“So many of the characters in Ruth Joffre’s stories are, literally and figuratively, sleepwalking through ‘some dark and frightful dream that our minds had conjured,’ and it’s a testament to Joffre’s meticulous and abundant talent that she can guide the reader through these constrained and inhospitable spaces. No matter how dark the stories become, her language, so precise and beautiful, shines a light so that you can go deeper into these worlds, where no one else has ever been. A wonderful debut.” —Kevin Wilson, author of The Family Fang
“The force of Night Beast is seismic; I was startled to read a first book so daringly original. Ruth Joffre’s dissident, imperiled characters are intricately drawn and deeply surprising. While working in the tradition of Djuna Barnes, Isak Dinesen, Ursula K. Le Guin, and Mary Gaitskill, Ruth Joffre manages to be sui generis, a singular young writer reconfiguring the possibilities of fiction at the dawn of —please gods—a dazzling career. There is nothing like her. And there never was.” —Alice Fulton, author of Barely Composed
One of the Lies I Tell My Children (#5)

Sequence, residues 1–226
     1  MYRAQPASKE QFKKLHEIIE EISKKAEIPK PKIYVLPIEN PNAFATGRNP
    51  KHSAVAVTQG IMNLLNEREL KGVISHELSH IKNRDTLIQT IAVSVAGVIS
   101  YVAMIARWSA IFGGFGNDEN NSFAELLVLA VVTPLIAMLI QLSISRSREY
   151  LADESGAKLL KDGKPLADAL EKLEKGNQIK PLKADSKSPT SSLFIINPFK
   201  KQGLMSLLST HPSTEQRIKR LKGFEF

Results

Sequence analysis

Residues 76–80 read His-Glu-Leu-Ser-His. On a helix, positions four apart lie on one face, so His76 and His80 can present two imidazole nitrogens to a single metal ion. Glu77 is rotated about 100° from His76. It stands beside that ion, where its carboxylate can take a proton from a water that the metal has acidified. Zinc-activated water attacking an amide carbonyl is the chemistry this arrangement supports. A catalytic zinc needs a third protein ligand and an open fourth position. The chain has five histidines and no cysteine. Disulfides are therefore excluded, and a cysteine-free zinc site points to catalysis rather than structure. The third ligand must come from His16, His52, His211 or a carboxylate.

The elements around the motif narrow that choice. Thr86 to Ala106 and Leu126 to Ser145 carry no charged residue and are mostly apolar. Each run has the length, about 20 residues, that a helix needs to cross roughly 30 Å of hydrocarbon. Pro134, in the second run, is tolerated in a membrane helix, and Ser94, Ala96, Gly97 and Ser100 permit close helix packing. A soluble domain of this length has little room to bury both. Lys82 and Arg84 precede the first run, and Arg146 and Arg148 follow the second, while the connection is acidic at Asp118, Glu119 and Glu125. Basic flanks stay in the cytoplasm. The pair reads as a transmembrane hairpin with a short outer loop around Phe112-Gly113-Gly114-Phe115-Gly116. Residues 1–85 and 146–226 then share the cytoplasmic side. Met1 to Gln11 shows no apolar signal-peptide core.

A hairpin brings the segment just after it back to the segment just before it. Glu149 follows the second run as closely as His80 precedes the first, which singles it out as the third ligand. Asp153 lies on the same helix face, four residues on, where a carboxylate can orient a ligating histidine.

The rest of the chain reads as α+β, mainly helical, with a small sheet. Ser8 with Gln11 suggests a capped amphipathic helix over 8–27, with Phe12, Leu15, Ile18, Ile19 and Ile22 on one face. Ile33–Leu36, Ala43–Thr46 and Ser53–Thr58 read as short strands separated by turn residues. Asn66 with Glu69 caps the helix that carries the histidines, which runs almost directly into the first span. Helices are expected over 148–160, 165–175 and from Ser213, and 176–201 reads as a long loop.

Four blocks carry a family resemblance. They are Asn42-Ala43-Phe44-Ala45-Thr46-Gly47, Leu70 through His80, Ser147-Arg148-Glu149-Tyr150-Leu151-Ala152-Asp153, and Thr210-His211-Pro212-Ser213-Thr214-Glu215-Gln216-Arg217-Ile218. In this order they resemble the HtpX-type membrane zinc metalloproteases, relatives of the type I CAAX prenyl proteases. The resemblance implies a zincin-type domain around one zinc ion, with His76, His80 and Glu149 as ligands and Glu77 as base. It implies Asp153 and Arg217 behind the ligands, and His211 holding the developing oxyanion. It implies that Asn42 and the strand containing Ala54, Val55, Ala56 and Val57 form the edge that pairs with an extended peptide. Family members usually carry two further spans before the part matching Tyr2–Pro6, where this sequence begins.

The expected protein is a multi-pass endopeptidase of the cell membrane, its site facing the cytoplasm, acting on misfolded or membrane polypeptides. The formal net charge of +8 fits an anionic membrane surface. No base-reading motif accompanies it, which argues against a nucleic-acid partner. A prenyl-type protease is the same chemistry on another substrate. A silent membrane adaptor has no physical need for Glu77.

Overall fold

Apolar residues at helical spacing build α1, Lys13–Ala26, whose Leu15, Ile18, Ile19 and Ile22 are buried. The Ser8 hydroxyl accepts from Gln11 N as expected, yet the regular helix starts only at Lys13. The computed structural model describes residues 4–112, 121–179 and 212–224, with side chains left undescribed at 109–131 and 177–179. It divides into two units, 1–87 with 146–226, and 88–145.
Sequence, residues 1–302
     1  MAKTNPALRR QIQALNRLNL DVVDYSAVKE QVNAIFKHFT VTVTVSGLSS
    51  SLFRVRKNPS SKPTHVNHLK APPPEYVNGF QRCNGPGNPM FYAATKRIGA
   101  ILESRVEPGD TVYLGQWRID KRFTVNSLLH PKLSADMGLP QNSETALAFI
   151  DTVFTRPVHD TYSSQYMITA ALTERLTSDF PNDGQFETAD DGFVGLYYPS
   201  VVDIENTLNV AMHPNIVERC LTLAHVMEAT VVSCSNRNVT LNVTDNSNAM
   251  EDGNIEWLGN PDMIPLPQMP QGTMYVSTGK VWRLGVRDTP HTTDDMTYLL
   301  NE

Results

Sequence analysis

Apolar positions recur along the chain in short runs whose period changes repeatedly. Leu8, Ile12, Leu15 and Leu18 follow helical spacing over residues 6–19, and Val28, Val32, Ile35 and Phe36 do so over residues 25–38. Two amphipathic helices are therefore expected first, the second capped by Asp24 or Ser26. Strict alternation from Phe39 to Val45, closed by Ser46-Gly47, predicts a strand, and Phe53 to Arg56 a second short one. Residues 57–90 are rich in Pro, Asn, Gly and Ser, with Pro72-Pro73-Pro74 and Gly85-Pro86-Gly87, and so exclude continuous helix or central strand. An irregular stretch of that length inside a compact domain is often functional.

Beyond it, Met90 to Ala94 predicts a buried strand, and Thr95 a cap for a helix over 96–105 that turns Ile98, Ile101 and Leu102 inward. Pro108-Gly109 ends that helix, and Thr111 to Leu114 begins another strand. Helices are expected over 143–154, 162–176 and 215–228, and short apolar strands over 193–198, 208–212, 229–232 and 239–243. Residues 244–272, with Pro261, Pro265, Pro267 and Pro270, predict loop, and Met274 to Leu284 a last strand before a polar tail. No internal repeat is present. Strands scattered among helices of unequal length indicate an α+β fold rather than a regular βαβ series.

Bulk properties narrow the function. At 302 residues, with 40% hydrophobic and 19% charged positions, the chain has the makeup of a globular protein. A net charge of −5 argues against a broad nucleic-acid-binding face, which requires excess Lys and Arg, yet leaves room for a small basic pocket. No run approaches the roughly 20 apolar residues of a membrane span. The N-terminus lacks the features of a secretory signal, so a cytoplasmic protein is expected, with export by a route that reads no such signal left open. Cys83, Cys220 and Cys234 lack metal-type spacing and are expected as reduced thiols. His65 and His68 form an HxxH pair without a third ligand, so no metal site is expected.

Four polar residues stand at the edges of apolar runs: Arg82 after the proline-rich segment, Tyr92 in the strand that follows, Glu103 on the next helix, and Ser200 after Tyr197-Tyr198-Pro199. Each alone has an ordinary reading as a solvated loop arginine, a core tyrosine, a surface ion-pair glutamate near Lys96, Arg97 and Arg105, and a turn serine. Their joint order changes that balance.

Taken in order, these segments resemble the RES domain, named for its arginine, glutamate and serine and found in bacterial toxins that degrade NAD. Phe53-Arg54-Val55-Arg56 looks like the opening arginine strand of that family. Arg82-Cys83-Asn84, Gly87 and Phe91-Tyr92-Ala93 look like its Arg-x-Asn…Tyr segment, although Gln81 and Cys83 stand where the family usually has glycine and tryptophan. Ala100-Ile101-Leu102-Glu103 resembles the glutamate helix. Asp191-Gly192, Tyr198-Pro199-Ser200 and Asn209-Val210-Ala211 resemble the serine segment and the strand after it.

If they do not clean their room, pretty soon it will be declared a health hazard and systems will be installed in and around the area to prevent the spread of slime mold from the air conditioner to the attic. In the mornings when they get dressed for school my children will have to pass through a decontamination chamber, where I will scrub them and disinfect them, and where they will ask, in their weary voices, “Is this really necessary? The slime mold is our friend.” At night, its black, iridescent fingers will feel around the surfaces of the room, eventually creeping its way onto their pillows and their sheets, and they will encourage it with the sugar water and the potato chips they deliberately smear over their faces. In the beginning, the slime mold will be wary of the offer and retreat every morning when the alarm goes off and I come knocking on their door; then gradually it will grow comfortable with the arrangement and grow stalks inside their nostrils, which will be jellied and metallic, giving the appearance of nose rings or other piercings. When summer arrives the children will have no reason to go outside and will hide in their room, feeding their new mold pet, giving it swathes and patches of their flesh for it to stretch out and grow spores. One day, the mold will take over, and what were once children will become host beds for the oozing, aromatic fungus creeping up between their toes; and because I love them and know how much they love to be dirty I will hook them up to saline drips with glucose and allow the mushrooms to grow in the recesses of their body. It will be a slow process, occurring gradually over weeks and months, and necessitating a great deal of patience and understanding from me. Eventually, when school starts, my children will not be able to get out of bed, so I will stand over them, wishing I could see their hair under all the fungus. I will reach my hand out to stroke them, and in their strange unicellular way the slime molds will reach back, like flowers to the sun.